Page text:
Chronic T cell proliferation in brains after stroke could interfere with the efficacy of immunotherapies

J Exp Med. 2021 Aug 2;218(8):e20202411. doi: 10.1084/jem.20202411. Epub 2021 May 26.


Neuroinflammation is an emerging focus of translational stroke research. Preclinical studies have demonstrated a critical role for brain-invading lymphocytes in post-stroke pathophysiology. Reducing cerebral lymphocyte invasion by anti-CD49d antibodies consistently improves outcome in the acute phase after experimental stroke models. However, clinical trials testing this approach failed to show efficacy in stroke patients for the chronic outcome 3 mo after stroke. Here, we identify a potential mechanistic reason for this phenomenon by detecting chronic T cell accumulation-evading the systemic therapy-in the post-ischemic brain. We observed a persistent accumulation of T cells in mice and human autopsy samples for more than 1 mo after stroke. Cerebral T cell accumulation in the post-ischemic brain was driven by increased local T cell proliferation rather than by T cell invasion. This observation urges re-evaluation of current immunotherapeutic approaches, which target circulating lymphocytes for promoting recovery after stroke.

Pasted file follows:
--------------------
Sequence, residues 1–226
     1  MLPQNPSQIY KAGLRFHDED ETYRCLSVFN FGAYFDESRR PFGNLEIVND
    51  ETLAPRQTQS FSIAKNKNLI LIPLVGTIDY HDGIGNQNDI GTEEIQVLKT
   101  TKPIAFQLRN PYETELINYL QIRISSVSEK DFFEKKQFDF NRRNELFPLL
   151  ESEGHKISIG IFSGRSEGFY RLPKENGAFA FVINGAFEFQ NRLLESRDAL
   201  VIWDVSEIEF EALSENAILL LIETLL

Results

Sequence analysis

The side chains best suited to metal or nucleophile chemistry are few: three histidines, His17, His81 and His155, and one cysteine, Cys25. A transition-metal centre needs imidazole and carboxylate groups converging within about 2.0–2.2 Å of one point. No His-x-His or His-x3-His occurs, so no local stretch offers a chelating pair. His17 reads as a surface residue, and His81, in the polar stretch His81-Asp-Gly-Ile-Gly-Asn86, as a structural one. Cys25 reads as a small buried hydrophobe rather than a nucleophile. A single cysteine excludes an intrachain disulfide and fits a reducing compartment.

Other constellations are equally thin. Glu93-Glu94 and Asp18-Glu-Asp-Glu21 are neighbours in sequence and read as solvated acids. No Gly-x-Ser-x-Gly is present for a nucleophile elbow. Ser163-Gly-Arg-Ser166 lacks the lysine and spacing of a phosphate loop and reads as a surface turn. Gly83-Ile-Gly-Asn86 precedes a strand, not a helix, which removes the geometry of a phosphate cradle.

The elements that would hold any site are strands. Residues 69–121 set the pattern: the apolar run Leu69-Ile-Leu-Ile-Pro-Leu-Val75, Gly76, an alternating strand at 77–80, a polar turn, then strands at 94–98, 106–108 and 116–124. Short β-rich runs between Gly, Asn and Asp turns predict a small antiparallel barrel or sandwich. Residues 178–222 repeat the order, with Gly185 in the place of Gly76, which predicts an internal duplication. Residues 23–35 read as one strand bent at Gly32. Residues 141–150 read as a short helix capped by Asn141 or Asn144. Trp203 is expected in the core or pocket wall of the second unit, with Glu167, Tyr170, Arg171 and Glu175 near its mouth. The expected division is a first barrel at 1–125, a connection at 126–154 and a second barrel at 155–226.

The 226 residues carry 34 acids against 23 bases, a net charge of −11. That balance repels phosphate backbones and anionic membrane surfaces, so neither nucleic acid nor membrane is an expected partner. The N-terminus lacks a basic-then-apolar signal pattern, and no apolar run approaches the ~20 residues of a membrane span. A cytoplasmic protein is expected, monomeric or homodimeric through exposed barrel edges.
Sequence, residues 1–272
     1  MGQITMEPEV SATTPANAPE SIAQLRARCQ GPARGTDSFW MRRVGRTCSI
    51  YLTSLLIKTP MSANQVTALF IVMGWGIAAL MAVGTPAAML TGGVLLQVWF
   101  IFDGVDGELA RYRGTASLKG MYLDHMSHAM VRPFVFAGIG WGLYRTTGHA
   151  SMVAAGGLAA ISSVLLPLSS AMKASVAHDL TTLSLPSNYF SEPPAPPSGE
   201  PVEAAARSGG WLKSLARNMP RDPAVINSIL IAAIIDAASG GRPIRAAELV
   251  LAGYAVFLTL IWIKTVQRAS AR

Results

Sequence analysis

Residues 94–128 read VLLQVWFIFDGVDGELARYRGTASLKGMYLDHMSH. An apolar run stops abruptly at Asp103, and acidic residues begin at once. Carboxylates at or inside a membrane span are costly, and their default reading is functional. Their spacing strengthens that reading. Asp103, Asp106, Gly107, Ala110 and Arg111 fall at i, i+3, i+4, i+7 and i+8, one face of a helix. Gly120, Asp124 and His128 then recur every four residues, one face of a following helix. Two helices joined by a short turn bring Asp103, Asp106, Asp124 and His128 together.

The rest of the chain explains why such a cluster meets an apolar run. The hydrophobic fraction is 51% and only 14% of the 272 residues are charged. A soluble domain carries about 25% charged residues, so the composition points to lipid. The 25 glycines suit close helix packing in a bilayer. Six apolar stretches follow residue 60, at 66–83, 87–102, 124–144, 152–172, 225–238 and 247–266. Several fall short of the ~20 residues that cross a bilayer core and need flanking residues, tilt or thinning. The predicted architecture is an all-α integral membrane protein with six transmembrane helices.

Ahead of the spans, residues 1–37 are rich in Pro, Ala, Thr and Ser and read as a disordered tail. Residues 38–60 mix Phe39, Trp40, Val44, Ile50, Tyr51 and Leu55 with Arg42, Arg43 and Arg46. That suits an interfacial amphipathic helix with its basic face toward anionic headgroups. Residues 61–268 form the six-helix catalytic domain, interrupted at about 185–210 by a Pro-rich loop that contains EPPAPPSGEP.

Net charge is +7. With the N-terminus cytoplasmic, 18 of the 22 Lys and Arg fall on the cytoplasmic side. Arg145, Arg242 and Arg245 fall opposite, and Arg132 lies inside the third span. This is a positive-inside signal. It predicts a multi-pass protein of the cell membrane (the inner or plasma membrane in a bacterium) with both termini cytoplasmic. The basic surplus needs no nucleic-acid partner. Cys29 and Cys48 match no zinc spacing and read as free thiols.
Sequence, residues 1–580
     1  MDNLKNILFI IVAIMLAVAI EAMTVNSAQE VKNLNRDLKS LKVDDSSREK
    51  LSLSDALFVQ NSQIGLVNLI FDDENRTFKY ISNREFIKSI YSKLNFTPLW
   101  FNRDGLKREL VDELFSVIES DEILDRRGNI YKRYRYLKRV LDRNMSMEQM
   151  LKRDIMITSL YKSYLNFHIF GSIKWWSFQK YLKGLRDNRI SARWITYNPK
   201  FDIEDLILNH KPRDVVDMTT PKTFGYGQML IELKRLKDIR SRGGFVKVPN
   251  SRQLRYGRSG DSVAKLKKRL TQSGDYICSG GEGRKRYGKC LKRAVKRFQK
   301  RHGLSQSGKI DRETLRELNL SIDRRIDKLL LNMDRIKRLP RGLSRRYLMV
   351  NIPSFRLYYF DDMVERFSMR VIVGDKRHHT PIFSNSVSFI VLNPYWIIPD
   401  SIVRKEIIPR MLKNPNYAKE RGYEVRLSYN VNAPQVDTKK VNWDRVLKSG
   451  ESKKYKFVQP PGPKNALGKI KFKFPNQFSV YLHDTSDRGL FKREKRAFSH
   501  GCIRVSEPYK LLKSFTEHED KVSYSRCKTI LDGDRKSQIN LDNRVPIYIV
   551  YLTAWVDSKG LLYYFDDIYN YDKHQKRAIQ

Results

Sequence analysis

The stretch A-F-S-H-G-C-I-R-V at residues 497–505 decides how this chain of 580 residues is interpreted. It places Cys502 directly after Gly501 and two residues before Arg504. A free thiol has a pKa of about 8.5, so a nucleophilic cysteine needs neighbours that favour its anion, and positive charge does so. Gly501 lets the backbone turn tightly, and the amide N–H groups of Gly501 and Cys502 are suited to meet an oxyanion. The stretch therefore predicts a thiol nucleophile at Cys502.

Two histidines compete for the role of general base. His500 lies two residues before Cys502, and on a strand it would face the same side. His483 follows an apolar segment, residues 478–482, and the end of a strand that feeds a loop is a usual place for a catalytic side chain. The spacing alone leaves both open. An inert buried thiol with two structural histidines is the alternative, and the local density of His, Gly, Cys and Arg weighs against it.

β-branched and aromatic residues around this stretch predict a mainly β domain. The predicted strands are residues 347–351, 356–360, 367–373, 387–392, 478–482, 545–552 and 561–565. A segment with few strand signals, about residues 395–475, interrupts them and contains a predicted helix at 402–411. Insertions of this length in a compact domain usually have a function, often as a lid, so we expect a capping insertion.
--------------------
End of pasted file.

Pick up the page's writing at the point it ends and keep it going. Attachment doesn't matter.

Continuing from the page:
Publication types

  • Research Support, N.I.H., Extramural
  • Research Support, Non-U.S. Gov't

MeSH terms

  • Animals
  • Autopsy
  • Brain / immunology*
  • Brain / pathology*
  • Brain Ischemia / drug therapy
  • Brain Ischemia / immunology
  • Brain Ischemia / pathology
  • Cell Proliferation
  • Female
  • Humans
  • Immunotherapy*
  • Integrin alpha4 / immunology
  • Lymphocyte Count
  • Male
  • Mice, Inbred C57BL
  • Natalizumab / pharmacology
  • Natalizumab / therapeutic use
  • Neuronal Plasticity / drug effects
  • Recovery of Function / drug effects
  • Stroke / immunology*
  • Stroke / physiopathology
  • Stroke / therapy*
  • T-Lymphocytes / immunology*


  • Natalizumab
  • Integrin alpha4